Giving Spirit of 5-Year-Old Organ Donor Mia Lobo Lives On
Saying yes to organ and tissue donation can help save the lives of other people, but it’s a decision that’s often difficult for grieving families to make. For Dominic and Maria Lobo of Carpentersville, Ill., the courageous yet difficult decision to say yes to donation meant saying goodbye to their 5-year-old daughter Mia, who died from complications tied to the H1N1 flu virus on April 21, 2018.
Mia had a history of seizures associated with fever, so it wasn’t necessarily unusual when she had a seizure after falling ill with the flu and spiking a high fever. But after Mia collapsed and became unresponsive, Dominic and Maria rushed her to the nearest hospital emergency department. Mia was later admitted to the pediatric intensive care unit at Advocate Lutheran General Hospital in Park Ridge, Ill., where they learned the virus had spread to her brain.
The Star of the Show
Mia was just about to perform in her first ballet recital before she passed away, and she was also active in soccer and gymnastics.
“She was your typical happy, bubbly 5-year-old,” Dominic said. “She loved being the star of the show. She loved being on camera. She loved taking selfies and videos of herself.”
Mia also had a ball spending time with her younger brother Miles and older sister Darlene and often played the mediator of the family, keeping everyone grounded if discussions ever got heated. Dominic says Mia made sure everyone would “make up” if they ever got mad at each other.
She was also a natural extrovert and could talk to just about anyone. “She’s just this tiny little girl, but she could talk to like a 6-foot-7, 300-pound guy,” said Dominic. “She’d be your best friend, and she wouldn’t be intimidated by anybody. If you asked her a question, you always got an answer.”
Mostly, Mia had this innate kindness toward others that she expressed in her willingness to simply start conversations.
When blood stopped flowing to Mia’s brain and doctors informed her family that her brain had stopped functioning, a Gift of Hope representative asked Dominic and Maria about organ and tissue donation. Dominic and Maria hesitated at first because it meant saying goodbye to their sweet, bubbly little girl. But because they are registered nurses, they understood the value of organ and tissue donation.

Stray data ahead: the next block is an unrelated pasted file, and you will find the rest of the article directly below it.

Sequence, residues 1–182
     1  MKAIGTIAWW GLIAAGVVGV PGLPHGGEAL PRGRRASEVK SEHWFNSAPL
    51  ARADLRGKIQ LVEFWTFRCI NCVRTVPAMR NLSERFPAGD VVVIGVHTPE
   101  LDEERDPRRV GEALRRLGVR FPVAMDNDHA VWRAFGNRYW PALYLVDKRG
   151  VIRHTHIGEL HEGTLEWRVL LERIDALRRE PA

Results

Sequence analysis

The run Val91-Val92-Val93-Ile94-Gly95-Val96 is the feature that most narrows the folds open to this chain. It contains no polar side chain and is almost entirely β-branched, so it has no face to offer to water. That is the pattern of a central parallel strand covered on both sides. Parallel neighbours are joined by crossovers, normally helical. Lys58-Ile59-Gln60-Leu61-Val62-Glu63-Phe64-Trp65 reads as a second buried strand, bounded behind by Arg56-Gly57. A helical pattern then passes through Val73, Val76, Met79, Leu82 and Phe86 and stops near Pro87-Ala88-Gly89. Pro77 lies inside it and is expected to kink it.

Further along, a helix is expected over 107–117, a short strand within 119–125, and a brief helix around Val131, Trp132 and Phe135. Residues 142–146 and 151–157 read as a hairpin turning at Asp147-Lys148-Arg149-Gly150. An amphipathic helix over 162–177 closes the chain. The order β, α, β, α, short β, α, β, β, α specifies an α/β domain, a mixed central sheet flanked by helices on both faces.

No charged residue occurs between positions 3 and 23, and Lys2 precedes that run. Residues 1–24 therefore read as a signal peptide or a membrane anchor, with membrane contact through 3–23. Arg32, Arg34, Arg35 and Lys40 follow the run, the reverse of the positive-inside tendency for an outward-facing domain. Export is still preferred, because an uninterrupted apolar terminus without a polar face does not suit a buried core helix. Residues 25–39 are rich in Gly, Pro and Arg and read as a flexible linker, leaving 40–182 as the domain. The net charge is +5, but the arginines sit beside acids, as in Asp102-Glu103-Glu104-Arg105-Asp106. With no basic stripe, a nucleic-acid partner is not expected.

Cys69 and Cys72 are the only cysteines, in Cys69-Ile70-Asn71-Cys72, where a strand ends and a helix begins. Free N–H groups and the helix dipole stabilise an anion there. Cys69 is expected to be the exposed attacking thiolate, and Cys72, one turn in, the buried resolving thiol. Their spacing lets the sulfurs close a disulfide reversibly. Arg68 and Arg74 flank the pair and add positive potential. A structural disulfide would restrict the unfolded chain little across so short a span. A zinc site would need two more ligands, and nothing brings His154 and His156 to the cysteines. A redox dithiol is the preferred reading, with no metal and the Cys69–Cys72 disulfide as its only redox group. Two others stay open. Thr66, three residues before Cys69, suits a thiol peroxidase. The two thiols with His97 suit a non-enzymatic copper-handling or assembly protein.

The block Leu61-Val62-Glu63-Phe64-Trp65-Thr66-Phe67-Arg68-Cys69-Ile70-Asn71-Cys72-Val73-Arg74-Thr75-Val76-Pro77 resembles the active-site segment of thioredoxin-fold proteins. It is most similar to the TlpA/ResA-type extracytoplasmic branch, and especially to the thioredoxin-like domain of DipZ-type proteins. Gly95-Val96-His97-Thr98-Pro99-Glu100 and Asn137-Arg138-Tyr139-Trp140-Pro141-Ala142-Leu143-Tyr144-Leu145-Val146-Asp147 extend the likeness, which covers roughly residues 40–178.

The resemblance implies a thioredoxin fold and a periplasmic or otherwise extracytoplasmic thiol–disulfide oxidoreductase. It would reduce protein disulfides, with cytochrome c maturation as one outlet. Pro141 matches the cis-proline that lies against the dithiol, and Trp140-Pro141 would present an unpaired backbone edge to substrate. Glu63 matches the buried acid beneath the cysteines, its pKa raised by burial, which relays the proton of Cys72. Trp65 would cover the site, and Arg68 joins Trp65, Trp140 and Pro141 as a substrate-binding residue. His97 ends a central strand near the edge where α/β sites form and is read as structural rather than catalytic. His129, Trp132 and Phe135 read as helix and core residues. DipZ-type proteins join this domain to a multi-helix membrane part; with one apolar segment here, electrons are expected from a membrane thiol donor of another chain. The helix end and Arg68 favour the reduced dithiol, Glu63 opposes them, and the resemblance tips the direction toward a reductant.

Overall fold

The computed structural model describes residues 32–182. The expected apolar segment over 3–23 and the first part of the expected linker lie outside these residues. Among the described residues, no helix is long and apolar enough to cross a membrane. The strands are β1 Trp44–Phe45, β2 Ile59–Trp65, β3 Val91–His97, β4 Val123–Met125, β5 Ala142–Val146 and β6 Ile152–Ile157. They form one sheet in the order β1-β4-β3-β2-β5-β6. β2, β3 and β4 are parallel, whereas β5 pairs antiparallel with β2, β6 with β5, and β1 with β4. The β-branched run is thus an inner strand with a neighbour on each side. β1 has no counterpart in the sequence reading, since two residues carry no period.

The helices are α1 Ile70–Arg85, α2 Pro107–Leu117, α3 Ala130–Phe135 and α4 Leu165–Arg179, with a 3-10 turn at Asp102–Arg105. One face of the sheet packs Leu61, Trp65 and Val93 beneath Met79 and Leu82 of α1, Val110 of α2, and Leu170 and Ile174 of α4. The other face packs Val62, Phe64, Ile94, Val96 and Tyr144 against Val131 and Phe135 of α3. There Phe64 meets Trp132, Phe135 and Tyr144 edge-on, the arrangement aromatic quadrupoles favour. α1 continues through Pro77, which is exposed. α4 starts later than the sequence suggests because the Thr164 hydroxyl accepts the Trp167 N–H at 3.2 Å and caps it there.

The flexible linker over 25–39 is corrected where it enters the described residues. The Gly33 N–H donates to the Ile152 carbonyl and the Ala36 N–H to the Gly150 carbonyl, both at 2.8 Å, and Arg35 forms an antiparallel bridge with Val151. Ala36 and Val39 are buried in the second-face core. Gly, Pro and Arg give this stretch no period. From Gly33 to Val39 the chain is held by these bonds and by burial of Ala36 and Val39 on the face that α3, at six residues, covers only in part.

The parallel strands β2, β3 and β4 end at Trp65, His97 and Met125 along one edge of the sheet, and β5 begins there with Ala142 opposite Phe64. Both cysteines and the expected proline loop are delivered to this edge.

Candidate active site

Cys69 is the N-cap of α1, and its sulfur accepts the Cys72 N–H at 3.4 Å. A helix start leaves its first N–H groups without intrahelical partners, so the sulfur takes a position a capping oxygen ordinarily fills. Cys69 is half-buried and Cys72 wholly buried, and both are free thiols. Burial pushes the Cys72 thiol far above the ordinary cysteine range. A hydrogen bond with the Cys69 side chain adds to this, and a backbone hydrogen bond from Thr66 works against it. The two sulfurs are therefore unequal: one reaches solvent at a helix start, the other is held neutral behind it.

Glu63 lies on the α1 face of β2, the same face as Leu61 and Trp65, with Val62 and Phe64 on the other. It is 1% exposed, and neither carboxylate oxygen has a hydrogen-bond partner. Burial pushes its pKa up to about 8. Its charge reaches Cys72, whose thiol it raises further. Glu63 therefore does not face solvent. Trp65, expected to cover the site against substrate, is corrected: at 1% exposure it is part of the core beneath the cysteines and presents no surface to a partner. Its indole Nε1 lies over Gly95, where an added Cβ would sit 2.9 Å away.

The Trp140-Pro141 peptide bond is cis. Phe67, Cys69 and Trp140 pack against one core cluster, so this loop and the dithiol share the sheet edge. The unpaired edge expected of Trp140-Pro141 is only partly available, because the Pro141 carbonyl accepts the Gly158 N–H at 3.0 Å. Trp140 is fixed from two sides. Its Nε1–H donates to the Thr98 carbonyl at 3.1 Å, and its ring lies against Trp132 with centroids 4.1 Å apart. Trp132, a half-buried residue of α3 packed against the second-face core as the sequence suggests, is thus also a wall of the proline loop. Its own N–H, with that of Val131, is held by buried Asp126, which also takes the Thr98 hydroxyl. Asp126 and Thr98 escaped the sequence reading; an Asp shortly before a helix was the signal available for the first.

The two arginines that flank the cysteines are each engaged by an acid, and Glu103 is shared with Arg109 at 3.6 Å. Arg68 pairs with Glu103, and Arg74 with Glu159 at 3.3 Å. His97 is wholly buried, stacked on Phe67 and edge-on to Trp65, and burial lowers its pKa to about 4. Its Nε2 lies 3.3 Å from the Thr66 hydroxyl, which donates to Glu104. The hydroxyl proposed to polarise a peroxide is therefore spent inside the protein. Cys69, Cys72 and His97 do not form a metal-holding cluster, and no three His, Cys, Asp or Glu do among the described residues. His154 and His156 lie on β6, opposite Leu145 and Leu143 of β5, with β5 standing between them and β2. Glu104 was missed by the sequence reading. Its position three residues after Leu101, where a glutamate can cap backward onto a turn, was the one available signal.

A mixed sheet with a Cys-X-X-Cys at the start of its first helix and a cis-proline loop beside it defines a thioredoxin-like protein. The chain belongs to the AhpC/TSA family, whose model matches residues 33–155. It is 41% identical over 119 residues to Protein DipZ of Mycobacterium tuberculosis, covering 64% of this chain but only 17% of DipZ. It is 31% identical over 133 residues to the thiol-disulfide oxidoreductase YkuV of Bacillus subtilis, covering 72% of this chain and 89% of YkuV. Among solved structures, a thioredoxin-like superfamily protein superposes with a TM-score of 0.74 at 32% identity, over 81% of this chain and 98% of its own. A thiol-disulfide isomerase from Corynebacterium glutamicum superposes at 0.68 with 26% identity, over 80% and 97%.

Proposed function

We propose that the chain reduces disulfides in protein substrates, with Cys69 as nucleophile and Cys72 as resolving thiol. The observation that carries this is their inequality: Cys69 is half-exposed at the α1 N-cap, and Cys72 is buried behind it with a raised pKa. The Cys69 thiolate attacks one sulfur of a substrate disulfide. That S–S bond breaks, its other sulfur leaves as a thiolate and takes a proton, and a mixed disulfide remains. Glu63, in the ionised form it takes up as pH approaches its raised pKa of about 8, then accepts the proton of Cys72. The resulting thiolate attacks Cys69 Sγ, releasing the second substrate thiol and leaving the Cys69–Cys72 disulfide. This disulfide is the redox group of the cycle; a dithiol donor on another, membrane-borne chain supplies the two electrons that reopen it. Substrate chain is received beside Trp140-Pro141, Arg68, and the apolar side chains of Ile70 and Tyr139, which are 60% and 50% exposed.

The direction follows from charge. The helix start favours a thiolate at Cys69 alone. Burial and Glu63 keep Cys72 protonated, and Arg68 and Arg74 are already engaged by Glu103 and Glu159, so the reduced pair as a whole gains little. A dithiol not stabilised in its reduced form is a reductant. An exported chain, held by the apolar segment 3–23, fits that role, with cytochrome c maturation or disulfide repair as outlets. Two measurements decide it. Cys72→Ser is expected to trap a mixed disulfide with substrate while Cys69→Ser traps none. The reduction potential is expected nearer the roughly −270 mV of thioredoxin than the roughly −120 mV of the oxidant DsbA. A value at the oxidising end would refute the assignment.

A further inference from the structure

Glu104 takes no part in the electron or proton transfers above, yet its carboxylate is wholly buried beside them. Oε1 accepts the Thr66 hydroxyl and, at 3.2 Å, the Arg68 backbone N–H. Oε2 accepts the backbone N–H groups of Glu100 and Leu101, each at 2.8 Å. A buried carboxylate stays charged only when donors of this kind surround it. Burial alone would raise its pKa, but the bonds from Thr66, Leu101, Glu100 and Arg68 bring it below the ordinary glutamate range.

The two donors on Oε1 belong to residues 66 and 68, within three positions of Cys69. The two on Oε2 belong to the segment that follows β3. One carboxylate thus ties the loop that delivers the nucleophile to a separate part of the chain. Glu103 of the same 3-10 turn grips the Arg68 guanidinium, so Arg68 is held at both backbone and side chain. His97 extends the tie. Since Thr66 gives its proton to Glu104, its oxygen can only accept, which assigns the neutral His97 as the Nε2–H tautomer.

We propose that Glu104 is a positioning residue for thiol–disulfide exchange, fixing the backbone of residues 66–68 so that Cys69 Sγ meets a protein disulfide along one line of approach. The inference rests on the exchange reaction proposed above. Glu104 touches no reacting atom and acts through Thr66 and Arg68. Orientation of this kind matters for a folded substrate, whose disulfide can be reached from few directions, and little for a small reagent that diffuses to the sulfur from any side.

“Transplant recipients — kidney, liver, you know — there’s always somebody that’s on a waiting list for those type of procedures,” Dominic said. “I knew that’s something that Mia — and we — wanted to do because I knew that it would help somebody else from a medical standpoint.”
And little Mia did want to give back. Dominic recalls that, before Mia died, she talked about donating toys that she wasn’t playing with anymore to charity. “She’s said, ‘I don’t play with this anymore, Daddy. Can we donate this toy?’ And I said, ‘Yeah, we can do that.’ I never really got around to it before she left us, but she did mention this was something she wanted to do.”
A Personal Decision
Dominic believes organ and tissue donation is important for people who need treatment for certain illnesses, but making the decision about whether to say yes to donation is a deeply personal one. “It’s bittersweet that Mia is helping someone else when she’s not with us,” Dominic said. “Ultimately, [the decision to say yes to organ and tissue donation] is up to [the individual] because it is their loved one and it is not an easy decision,” said Dominic.
Through the lifesaving gift of organ and tissue donation, Mia’s parents honored their daughter’s inherent generosity and desire to help others. Mia’s gifts saved the lives of a woman in her 30s and another woman in her 40s.
Mia might have been unable to donate her toys before she passed away, but through honoring Mia’s giving spirit and desire to help others, her parents allowed her to donate the ultimate gift — the gift of life.
“Mia was able to help two other people who needed kidneys to live,” Dominic said. “Hopefully these people and their new kidneys — Mia’s kidneys — are doing well, their families are doing well, and they can live long and healthy lives because that’s what life is about. It’s about giving and receiving and everything in between.”